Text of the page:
Steps in a Typical Foreclosure Action

Christopher Brine
Connect with me
Attorney at Law

Clients often stress that they don’t know if, or when, they might be foreclosed on. Thankfully, the foreclosure process in Massachusetts has many steps, and you must receive several notices throughout this process.

Below is a generalized timeline of a residential foreclosure in Massachusetts.

The Foreclosure Timeline, Step by Step

Day 1

You missed your first payment. Really, this is Day 15 as your mortgage likely has a grace period stating that there’s no penalty for making a late payment as long as it’s made by the 15th of the month. After the missed payment, you may start getting collection calls and letters from the bank.

Day 30

After the loan falls more than 30 days behind, the loan will be considered in default. Once the loan is in default, the bank can begin foreclosure efforts. Of course, while this is something that the bank can do, the aggressiveness that each bank takes in its foreclosure efforts will vary. Foreclosure can sometimes be brought very quickly, but that is not always the case.

Notice of Right to Cure

At some point after default, the bank must send you a notice stating specifically how much you are behind by. The notice will give you a specific date to catch up on these payments. If you don’t bring the payments current by that date, the loan will be accelerated (meaning that the full loan balance will be due, and individual monthly payments may no longer be accepted) and the bank may then schedule a foreclosure sale.

The amount of time you have under the Notice of Right to Cure will depend on your loan terms and whether you apply for a loan modification. Massachusetts foreclosure laws have identified certain loan features to be more problematic than others. Generally speaking, if you put only a small amount of money down on the mortgage, or if your loan had a low introductory interest rate, then the bank must also send you paperwork stating that you have a right to request a loan modification. If you submit this request for a loan modification in a timely manner, then you will have 150 days to catch up. Otherwise, you will only have 90 days, which is the amount of time that all other loans are given.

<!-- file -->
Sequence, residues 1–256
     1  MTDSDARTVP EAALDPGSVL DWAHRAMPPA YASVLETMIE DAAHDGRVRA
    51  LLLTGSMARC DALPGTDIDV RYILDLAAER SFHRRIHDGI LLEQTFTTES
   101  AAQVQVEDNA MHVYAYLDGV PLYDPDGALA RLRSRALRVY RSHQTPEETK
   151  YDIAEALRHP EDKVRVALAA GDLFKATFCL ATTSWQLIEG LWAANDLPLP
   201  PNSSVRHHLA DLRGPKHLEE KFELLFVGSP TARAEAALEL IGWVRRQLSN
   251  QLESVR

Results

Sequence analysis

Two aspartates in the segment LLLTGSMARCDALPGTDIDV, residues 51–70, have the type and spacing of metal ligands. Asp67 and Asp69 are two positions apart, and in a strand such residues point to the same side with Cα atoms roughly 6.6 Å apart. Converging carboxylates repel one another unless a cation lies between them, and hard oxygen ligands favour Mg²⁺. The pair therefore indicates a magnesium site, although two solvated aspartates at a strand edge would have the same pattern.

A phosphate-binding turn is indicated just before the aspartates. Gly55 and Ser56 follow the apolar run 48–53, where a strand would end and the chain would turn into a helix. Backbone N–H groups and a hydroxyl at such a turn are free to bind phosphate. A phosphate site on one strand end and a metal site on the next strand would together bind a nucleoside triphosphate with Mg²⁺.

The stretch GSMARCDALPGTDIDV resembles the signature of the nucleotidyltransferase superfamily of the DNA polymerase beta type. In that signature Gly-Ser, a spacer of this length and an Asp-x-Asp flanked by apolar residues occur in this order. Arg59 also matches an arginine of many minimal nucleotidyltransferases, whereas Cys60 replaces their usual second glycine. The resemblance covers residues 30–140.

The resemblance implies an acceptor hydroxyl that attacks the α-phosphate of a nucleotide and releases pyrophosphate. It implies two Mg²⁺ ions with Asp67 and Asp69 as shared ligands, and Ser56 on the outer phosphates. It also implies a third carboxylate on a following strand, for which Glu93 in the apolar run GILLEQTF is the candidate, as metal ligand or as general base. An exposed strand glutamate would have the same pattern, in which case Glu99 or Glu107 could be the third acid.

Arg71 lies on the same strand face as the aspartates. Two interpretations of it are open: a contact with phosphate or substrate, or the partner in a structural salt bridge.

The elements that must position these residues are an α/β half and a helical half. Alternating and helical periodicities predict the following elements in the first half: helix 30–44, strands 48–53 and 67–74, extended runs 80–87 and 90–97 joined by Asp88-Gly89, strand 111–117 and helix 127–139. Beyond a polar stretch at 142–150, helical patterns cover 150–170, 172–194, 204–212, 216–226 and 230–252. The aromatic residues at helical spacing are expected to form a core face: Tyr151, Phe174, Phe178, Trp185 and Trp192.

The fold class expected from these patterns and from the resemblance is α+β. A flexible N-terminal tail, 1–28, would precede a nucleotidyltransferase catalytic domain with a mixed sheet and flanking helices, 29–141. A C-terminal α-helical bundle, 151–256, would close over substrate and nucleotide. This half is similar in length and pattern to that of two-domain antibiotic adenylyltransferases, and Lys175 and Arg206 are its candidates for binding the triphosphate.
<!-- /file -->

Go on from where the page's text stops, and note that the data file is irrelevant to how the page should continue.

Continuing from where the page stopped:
Servicemembers Civil Relief Act

After a loan is accelerated, the bank will usually file a request for a judgment in the Land Court under the Servicemembers Civil Relief Act. This is a protection for those in the military to ensure that no active duty military members are foreclosed on. If you are active in the military, you are entitled to file a response within 20 days. If you are not active in the military, you need not do anything. This step is not technically required under Massachusetts foreclosure law, but it is customarily done in Massachusetts before a foreclosure occurs.

Notice of Sale Date

Finally, after a loan is accelerated and a judgment is issued by the Land Court, the bank will schedule a sale date of the property. In order to do so, it must publish notice of the sale in the newspaper for three consecutive weeks and must send you notice of the sale date at least 14 days ahead of time.

Foreclosure Auction

On the day and time of the auction, the auctioneer and any prospective purchasers will arrive at the property. The auction typically takes place on the street or sidewalk in front of the property, and purchasers are not allowed into the home. It will be sold to the highest bidder at auction.


After the foreclosure sale, you are not immediately required to leave. Instead, the new owner must bring an action in the housing court in order to lawfully evict you.

Foreclosure Isn’t Always the End Point

As you can see, there are many steps that the bank must do in order to foreclose. These are only generalized steps, though, and there may be additional steps required on your particular loan. For example, if you have an FHA loan, an attempt must be made to personally meet with you to discuss potential loan modification options.

If your bank is threatening foreclosure, contact Brine Consumer Law today for a free consultation.